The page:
Long-term thiazide use and risk of low-energy fractures among persons with Alzheimer’s disease—nested case-control study
|Author:||Taipale, H.1,2,3,4; Rysä, J.2; Hukkanen, J.5;|
1Kuopio Research Centre of Geriatric Care, University of Eastern Finland, PO Box 1627, 70211 Kuopio, Finland
2School of Pharmacy, University of Eastern Finland, Kuopio, Finland
3Department of Clinical Neuroscience, Karolinska Institutet, Stockholm, Sweden
4Department of Forensic Psychiatry, Niuvanniemi Hospital, University of Eastern Finland, Kuopio, Finland
5Research Unit of Internal Medicine, Medical Research Center Oulu, Oulu University Hospital, University of Oulu, Oulu, Finland
6Centre for Medicine Use and Safety, Faculty of Pharmacy and Pharmaceutical Sciences, Monash University, Parkville, VIC, Australia
7Department of Orthopedics and Traumatology, Kuopio University Hospital, Kuopio, Finland
8Kuopio Musculoskeletal Research Unit (KMRU), University of Eastern Finland, Kuopio, Finland
|Online Access:||PDF Full Text (PDF, 0.4 MB)|
|Persistent link:|| http://urn.fi/urn:nbn:fi-fe2019070122413
|Publish Date:|| 2019-07-01
Summary: We investigated the association between thiazide use and the risk of low-energy fractures among community dwellers with Alzheimer’s disease. Longer use was associated with a decreased risk of low-energy fractures. This study extends the previous knowledge of reduced fracture risk of thiazides to persons with Alzheimer’s disease.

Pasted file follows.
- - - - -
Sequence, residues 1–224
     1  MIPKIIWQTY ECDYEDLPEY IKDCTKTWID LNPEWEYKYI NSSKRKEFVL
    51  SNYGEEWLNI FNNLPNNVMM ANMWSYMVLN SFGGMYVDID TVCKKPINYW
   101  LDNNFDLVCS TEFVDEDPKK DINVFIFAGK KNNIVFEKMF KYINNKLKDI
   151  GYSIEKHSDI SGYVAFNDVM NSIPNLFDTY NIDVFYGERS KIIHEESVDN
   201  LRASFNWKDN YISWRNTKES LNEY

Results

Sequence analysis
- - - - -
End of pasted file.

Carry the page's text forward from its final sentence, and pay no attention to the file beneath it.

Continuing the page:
Introduction: To investigate the association between thiazide use and the risk of low-energy fractures (LEF), and hip fracture among community dwellers with Alzheimer’s disease (AD). No prior study has evaluated the effect of thiazides on LEF risk of AD patients.
Methods: LEF cases were identified from the MEDALZ study, including all community-dwelling persons diagnosed with AD in Finland 2005–2011. During the follow-up from AD diagnoses until the end of 2015, cases with LEF (N = 10,416) and hip fracture (N = 5578) were identified. LEF cases were matched with up to three controls without LEF, according to time since AD diagnosis, age and gender. Thiazide use identified from the Prescription register data was modeled with PRE2DUP method. Current use was defined in 0–30 days’ time window before the fracture/matching date, and duration of current use was assessed. The association between thiazide exposure and LEFs was assessed with conditional logistic regression.
Results: Current thiazide use was observed in 10.5% of LEF cases and 12.5% of controls. Current thiazide use was associated with a decreased risk of LEF (adjusted OR [aOR] 0.83, 95% CI 0.77–0.88). In terms of the duration of use, no association was observed with short-term use (< 1 year or 1–3 years), while longer use (> 3 years) was associated with a reduced risk of LEF (aOR 0.77, 95% CI 0.71–0.83) and hip fracture (aOR 0.68, 95% CI 0.60–0.78).
Conclusions: Our study extends the previous knowledge of reduced fracture risk of thiazides to persons with AD, a population with significantly increased background risk of fractures.
|Pages:||1481 - 1489|
|Type of Publication:||
A1 Journal article – refereed
|Field of Science:||
3121 General medicine, internal medicine and other clinical medicine
© The Author(s) 2019. This article is distributed under the terms of the Creative Commons Attribution-NonCommercial 4.0 International License (http://creativecommons.org/licenses/by-nc/4.0/), which permits any noncommercial use, distribution, and reproduction in any medium, provided you give appropriate credit to the original author(s) and the source, provide a link to the Creative Commons license, and indicate if changes were made.